After sharp public opposition delayed phase two of Merlone Geier's Village at San Antonio Center project last week, City Council members showed signs on Tuesday of making housing a higher priority in the San Antonio shopping center area.
At the study session meeting in the Mountain View Senior Center on July 8, council members came to a rough consensus that the San Antonio precise plan should put more emphasis on a mix of housing and retail in the San Antonio shopping center, with limited exceptions for small office space and fewer restrictions on office space north of California Street. The precise plan is a document guiding future development in the area, which is southeast of the corner of El Camino Real and San Antonio Road and includes the San Antonio shopping center.
Mayor Chris Clark said city staff was directed to expand areas where housing would be allowed, and make an overall reduction in office space in the San Antonio precise plan. Clark said although the city cannot require developers to build affordable housing, the wording in the precise plan will emphasize that they want a range of housing options.
Support for more housing by council members was an about-face from the February study session, where they opposed housing as a priority in the San Antonio area. Council member Mike Kasperzak said the council is taking a step back from the direction they were going in February.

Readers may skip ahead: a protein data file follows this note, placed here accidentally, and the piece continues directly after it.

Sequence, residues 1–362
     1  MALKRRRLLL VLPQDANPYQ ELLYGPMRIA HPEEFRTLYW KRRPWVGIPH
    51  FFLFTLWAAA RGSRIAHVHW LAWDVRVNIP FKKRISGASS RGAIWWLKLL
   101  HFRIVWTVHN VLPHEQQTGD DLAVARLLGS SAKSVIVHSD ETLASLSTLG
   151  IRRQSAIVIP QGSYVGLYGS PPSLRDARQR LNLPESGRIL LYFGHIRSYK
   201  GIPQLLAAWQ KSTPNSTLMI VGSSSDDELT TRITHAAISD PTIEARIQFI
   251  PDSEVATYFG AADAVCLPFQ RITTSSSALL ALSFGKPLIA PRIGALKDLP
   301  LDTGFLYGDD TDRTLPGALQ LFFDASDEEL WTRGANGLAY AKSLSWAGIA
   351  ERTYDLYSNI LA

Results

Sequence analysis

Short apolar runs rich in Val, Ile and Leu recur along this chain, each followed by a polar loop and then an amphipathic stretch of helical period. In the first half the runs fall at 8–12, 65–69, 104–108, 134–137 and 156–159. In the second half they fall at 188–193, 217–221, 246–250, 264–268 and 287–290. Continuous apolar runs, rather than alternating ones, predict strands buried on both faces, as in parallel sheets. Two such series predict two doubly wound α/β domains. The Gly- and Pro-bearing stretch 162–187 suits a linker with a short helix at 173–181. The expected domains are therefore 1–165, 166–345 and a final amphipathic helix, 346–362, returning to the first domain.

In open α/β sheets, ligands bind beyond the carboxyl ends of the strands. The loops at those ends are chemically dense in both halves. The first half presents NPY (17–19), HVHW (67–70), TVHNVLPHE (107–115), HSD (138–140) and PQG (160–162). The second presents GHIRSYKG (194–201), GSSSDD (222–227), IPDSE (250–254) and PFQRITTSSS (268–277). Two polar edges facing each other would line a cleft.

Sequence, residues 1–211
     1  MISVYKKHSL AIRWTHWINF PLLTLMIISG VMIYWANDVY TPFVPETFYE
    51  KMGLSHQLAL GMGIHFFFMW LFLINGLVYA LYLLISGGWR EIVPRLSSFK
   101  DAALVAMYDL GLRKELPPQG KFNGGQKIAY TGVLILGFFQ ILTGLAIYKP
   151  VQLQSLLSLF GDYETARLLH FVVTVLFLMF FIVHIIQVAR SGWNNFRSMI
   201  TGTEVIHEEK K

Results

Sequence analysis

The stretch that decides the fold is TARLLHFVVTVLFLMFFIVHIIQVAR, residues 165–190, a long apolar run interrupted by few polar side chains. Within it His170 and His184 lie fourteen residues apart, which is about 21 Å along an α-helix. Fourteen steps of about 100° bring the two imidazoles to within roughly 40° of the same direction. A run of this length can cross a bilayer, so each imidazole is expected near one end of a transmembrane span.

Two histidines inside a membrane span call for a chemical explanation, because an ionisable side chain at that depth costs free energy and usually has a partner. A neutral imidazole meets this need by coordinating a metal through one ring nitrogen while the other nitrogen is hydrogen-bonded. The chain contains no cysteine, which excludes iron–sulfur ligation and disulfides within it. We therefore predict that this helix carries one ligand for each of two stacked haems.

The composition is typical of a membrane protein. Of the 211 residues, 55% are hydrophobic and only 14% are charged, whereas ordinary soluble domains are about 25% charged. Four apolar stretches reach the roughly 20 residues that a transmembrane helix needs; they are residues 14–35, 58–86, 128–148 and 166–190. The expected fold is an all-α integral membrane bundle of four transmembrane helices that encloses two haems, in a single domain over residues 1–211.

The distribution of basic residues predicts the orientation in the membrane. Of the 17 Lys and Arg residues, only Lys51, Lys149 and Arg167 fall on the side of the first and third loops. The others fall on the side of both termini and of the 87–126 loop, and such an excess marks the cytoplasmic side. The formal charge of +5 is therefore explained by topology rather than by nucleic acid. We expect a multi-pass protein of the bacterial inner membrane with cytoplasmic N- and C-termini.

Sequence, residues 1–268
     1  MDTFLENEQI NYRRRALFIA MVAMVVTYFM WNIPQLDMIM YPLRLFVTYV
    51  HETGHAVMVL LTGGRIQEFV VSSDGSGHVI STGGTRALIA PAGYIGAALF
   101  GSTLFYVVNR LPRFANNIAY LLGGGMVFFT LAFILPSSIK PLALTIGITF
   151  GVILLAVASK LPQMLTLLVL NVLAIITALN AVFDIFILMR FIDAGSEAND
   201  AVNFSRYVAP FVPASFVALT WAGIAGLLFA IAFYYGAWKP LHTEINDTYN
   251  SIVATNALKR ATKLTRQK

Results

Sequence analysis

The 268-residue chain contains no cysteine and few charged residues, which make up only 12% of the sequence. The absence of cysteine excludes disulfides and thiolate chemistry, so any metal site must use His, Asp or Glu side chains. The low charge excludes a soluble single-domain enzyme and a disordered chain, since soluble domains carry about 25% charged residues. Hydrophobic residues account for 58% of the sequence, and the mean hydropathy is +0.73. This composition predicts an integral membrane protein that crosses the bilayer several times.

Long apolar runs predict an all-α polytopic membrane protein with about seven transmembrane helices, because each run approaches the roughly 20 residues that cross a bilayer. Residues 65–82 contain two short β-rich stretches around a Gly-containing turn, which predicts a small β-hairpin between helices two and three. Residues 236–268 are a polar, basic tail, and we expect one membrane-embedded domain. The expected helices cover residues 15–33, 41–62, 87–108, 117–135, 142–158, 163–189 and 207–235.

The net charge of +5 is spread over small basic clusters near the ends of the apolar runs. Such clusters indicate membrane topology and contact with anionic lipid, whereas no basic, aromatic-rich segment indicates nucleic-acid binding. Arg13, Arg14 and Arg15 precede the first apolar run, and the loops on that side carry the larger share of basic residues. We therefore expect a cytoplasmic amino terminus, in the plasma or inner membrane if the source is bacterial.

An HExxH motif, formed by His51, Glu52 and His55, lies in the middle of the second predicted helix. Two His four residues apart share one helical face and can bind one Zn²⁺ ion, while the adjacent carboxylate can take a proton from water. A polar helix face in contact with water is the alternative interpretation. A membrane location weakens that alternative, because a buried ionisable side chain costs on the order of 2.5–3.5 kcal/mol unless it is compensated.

"We seriously de-emphasized housing in February, and the decision we're trying to come up with now is to de-emphasize retail or office in favor of housing," Kasperzak said.
Council member Ronit Bryant said the shift in priorities comes from the community feedback, which calls for a better balance between newly developed jobs and housing in Mountain View. The San Antonio precise plan, as proposed last month, would allow for 879,000 square feet of office space in the San Antonio shopping center and surrounding blocks. This would create anywhere from 4,395 to 5,860 jobs, but only 1,575 homes.
"What we heard really clearly from the community is we're building enough office space," Bryant said. "We need to leave it flexible, and I would like to put housing and retail mixed use in and encourage restrictions on office."
This mixed use of residential and retail might include buildings with housing units on floors above retail stores. Kasperzak did voice some concern that maintaining a housing-retail proportion might make it difficult for developers in the area.
"My concern is that if retail establishments want to build a new store, like a Kohl's, if it makes it kind of complicated for developers who know they need to deal with this residential proportion requirement," Kasperzak said.
Bryant said that the current San Antonio plan lacks focus, and though the public support has been in favor of more housing over office space, Bryant said it's important to remember it is a "shopping" center.
"We're just all over the place with the precise plan," Bryant said. "If we had a picture of what we wanted it to look like, it would be better.
Bryant suggested a scenario where the shopping center would have retail, a range of different housing options and limited office space.